Mohr, a veteran election law attorney, believes Erie County is on solid legal ground by already offering expanded absentee ballot opportunities for April 28 that it announced last week. The application now includes Covid-19 concerns as one of the listed reasons that a voter can request an absentee ballot. Since sickness has always served as a basis for obtaining an absentee ballot, he says the Board of Elections has the discretion to expand their use in the face of a dangerous pandemic.

“The threshold is Covid-19, and the definition of illness is broad enough to include that,” he said, adding that several other elections commissioners in the state’s major counties agree.

“Absent the governor postponing the election, we’ve made a very practical response by allowing as many people as possible to vote [by absentee ballot],” he said.

Sill, some knowledgeable observers say a chaotic situation could result if somebody filed suit over an expanded interpretation of “illness” to include the coronavirus.

Mohr said the board is receiving approximately 150 absentee ballot applications per day, far more than normal.

Much of Mohr's and Zellner’s concern surrounds basics such as staffing polling places. They fear they cannot attract the required number of inspectors to satisfy all the requirements of state election law. In addition, many regular polling places such as schools are now closed.

“That presents a real problem for us,” Mohr said. “If we call in these people, they might just say, ‘I don’t want to work.’ ”

John W. Conklin, spokesman for the state Board of Elections, said “there have been discussions” about addressing the situation among county elections officials as well as legislators. Much of the study surrounds the prospect of obtaining an absentee ballot “for any reason.”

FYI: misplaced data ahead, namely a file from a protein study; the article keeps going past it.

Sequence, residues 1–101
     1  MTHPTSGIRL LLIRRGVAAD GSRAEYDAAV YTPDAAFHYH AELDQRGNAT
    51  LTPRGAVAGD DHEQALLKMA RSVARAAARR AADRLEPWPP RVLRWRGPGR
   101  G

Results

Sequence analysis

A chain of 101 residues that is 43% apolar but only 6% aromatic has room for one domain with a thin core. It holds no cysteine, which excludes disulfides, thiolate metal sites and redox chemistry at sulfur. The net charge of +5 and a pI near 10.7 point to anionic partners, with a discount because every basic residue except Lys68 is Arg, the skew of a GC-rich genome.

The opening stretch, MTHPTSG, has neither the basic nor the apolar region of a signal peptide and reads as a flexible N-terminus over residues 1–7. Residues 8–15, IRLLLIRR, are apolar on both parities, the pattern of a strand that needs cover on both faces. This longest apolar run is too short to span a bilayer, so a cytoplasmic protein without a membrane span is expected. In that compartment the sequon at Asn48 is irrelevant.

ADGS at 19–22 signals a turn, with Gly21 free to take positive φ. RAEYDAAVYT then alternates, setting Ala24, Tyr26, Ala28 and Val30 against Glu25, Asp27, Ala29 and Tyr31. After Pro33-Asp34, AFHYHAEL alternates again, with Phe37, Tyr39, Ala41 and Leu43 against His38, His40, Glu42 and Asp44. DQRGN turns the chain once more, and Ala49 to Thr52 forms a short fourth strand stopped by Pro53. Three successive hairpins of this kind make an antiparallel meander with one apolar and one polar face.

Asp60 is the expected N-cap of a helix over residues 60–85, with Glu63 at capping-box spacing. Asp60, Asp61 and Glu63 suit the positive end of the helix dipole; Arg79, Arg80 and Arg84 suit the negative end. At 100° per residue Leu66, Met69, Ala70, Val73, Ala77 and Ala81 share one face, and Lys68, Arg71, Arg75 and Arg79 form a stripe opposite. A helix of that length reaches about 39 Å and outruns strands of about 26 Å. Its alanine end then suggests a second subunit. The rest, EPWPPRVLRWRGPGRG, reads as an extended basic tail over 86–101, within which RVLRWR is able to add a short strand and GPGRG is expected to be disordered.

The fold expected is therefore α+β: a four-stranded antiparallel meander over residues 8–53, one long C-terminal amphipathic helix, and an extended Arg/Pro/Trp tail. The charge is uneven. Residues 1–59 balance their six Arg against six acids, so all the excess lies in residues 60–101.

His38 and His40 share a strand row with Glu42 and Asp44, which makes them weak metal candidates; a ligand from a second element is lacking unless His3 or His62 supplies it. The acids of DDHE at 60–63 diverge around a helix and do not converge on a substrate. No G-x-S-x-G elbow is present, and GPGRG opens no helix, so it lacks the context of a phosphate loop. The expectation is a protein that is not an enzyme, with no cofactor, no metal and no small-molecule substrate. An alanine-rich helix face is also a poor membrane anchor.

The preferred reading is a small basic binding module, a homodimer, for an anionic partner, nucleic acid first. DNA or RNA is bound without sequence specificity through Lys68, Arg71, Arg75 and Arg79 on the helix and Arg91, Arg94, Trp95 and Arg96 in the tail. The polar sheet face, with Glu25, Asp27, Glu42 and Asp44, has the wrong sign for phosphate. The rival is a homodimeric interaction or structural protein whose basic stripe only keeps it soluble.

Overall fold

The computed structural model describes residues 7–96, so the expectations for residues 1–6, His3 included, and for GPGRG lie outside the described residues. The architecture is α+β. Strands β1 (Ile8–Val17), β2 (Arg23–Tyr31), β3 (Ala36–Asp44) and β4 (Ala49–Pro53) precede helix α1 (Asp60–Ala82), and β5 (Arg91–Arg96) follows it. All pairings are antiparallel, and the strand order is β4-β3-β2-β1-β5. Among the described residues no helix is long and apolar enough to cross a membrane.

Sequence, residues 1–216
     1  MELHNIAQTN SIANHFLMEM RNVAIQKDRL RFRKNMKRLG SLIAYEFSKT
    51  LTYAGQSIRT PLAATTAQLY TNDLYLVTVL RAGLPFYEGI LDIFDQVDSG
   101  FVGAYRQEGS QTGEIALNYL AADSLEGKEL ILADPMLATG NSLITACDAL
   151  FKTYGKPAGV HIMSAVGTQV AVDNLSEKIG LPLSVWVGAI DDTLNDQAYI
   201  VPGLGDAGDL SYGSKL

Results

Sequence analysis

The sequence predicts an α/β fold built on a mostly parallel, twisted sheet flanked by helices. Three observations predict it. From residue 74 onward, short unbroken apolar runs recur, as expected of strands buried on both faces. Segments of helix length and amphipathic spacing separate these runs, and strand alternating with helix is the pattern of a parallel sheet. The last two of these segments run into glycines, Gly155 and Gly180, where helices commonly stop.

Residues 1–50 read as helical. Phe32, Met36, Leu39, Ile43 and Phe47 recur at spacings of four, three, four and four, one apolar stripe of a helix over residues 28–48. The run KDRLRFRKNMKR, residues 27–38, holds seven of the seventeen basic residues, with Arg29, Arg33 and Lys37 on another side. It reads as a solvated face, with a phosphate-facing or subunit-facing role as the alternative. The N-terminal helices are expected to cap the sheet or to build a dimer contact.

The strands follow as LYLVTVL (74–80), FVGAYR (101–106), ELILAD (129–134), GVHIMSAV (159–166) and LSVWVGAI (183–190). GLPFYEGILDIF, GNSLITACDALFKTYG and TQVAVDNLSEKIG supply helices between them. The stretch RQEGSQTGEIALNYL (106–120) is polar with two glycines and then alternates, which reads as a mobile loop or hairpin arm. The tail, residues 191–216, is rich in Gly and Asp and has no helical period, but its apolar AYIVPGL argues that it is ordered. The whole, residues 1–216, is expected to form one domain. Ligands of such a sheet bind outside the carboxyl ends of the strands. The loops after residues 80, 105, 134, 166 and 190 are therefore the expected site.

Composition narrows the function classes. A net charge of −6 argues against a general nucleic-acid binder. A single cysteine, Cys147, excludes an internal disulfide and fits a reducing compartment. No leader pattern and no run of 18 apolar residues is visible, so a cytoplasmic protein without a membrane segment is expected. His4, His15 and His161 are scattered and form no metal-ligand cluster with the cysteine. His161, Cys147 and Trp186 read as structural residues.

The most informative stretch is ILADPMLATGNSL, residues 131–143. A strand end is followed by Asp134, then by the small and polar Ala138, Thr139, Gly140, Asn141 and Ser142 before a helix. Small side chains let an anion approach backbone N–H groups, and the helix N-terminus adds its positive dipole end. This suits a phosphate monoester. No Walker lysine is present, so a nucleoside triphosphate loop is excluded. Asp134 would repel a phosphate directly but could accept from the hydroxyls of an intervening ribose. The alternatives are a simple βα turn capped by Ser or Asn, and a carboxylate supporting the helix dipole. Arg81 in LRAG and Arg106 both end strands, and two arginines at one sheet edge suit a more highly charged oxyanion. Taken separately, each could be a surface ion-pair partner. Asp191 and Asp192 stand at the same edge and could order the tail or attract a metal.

“That would be one of the ways to deal with an election without having to move it,” he said, adding the governor’s recent emergency decree in the face of the pandemic allows him to suspend some state laws “within the confines of the Constitution.”

Zellner acknowledged that some controversy may still complicate efforts to expand absentee voting.

“But we’ve done a lot of research and we believe the illness provision of the election law allows this, though some don’t believe it,” he said.

“We don’t want to disenfranchise anyone if we have an election,” he added. “And if we have one, we certainly don’t want anybody who is ill come to vote if they want to do it by paper.”

Mohr noted that Cuomo has already postponed the March 17 village elections and rescheduled them for April 28. He said if the situation clears up in coming weeks, a new date could be set for June 23 – the same day as regularly scheduled primary elections – acknowledging that village elections originally set for March 17 and the April 28 would “back up” to the same day as the June 23 primaries.

“In Erie County, we have enough equipment to make it work,” he said. “I’m not sure the smaller counties would have enough equipment to run three elections.”

The Buffalo News: Good Morning, Buffalo